Introduction by Tanya Habjouqa
“An autobiography of Miss Wish is my favorite new photo book of the year. Nina Berman transcends what is documentary, humane, personal, and collaborative into a new terrain of documentary photography. At once emotive and investigative, Nina has elevated the ethical responsibility of our role as photographers and what we “take” from those who open their lives to us, and our responsibility as ethical humans and story tellers.
Kimberly Stevens – a sex trafficking survivor and victim of horrific child abuse, takes an active role in her story. Intuitively designed with Teun van der Heijden, Nina and protagonist Kimberly weave a seamless mix of personal history, diary, ‘graphic novel’ horrors, portraiture, and heart break.
Throughout the book, Kimberly’s graphic illustrations depict a personal diary of hell, so unsettling that I had to look away several times. Crudely artful drawings show memories of ritual child sex abuse ceremonies and being forced to watch women assaulted, raped, killed, and dismembered. At times, I put down the book, almost afraid to read the accompanying text, to comprehend her story and drawings. Juxtaposed against this, are archival materials woven against the illustrations—pages of psychiatric reports with elements redacted. Through out this backdrop, Nina Berman’s visual approaches to these 17 years shows a youthful face, alone on streets. Always alone. Sometimes engaged in drugs. At times hopeful. Sequenced against a rapidly aged present, alone…sometimes in Central Park. Sometimes a poetic object or an eerily lit night sky of cyan, reflecting fluorescent city lights. When she does smile, its frailty on her prematurely aged face breaks your heart. (Further cemented by the non linear sequencing of youth and present). This book is heart break. You care about Kimberly. You feel her, you don’t pity her. Nina’s “telling” and the intuitive design of the allows Kimberly her dignity. Kimberly actively occupies the space, telling her own story. She has agency. And this against Nina’s expertly curated archival material, visuals, and writing. Indeed the textual treatment elevates the work.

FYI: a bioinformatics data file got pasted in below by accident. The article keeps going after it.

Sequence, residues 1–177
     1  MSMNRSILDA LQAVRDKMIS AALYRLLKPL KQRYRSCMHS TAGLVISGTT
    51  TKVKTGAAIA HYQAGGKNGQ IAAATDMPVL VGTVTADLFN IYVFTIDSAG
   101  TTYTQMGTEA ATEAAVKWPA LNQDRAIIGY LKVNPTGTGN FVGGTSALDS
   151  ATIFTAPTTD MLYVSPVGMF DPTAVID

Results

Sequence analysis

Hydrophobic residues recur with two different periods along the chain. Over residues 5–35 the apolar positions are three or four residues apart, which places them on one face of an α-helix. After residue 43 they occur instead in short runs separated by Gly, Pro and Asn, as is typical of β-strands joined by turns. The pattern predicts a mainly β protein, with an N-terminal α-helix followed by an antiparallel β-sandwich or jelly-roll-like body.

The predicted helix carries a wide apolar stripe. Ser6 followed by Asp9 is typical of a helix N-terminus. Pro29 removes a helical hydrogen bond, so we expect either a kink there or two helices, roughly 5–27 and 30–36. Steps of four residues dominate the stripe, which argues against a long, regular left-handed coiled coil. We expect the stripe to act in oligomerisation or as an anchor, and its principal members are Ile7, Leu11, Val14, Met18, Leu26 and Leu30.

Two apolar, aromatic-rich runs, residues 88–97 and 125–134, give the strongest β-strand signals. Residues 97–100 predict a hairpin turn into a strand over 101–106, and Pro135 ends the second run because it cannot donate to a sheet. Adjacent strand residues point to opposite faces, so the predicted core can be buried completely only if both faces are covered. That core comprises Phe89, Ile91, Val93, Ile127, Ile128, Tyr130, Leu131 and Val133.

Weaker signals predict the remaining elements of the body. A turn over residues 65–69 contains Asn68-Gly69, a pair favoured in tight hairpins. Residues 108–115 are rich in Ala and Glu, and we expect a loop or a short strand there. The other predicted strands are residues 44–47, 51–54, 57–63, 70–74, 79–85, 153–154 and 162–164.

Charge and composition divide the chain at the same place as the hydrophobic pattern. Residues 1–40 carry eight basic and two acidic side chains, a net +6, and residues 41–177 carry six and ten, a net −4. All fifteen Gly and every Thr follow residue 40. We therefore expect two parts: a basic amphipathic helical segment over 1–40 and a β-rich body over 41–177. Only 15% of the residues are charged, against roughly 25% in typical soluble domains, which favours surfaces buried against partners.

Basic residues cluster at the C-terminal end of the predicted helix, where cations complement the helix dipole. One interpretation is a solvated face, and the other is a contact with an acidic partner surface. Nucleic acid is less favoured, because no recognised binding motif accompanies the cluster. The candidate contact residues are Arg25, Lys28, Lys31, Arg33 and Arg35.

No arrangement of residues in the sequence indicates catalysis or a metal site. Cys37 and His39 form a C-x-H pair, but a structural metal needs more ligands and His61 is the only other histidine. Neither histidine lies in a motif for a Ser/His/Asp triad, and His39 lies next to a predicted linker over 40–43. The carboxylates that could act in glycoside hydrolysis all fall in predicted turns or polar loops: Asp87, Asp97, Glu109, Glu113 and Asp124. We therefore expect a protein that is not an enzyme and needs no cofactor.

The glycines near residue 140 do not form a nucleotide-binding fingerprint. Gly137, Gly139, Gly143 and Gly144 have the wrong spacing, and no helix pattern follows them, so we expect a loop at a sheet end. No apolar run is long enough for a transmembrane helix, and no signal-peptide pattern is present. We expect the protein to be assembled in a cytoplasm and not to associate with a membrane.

Sometimes a line alone will make you weep or sit unsettled, as you understand “Ms Wishes’ horrific abuse and descent into mental illness and homelessness resulting from basic failure in the system for children. And understand how a basic act of humanity can affect someone, as Kimberly recounts how a simply kind exchange on a subway with a stranger (who did not ask her questions to lecture her but inquired how she was) made her heart sing, as she returned to same spot for days after…hoping to find her again. This alone, this writing, broke my heart as I understood the failure of society, of systems, of humans to be decent. And this is why Nina is challenging us to be better photographers as we take and tell. This is what collaboration in documentary is truly about. What to strive for. Decades of work and friendship.This shared narration subverts traditional clear cut and reductive roles such as “subject” and top down story telling. This is artful multidisciplinary story telling, masterful book design, and collaborative.”
An autobiography of Miss Wish tells the story of a sex trafficking survivor whom photographer Nina Berman met randomly and started photographing as the young woman hustled for money and drugs on the streets of London in 1990. The two stayed in touch and three years later, on the advice of Scotland Yard, Miss Wish later known as Kimberly Stevens, fled England for New York City, never to return.
The work documents her struggle to survive and find physical and emotional safety, to assert herself as an artist and narrator, and to craft a life while living in a state of flashbacks, trauma and addiction.
Photographed over twenty-five years in London and then in New York City, the story is told through multiple narrative elements including the protagonist’s vast personal archive, which was safeguarded by the photographer who assumed the role of friend and advocate.
The resulting book weaves together photographs and an archive of extraordinary drawings depicting memories of crime scenes and abuse, along with medical reports, diary entries, identity papers and texts between the photographer and Miss Wish.
An autobiography of Miss Wish, is also a tale about two lives intertwined, the photographer and subject, who and the healing power of collaborative documentary photography.
Photographs: Nina Berman/ NOOR
Drawings: Kimberly Stevens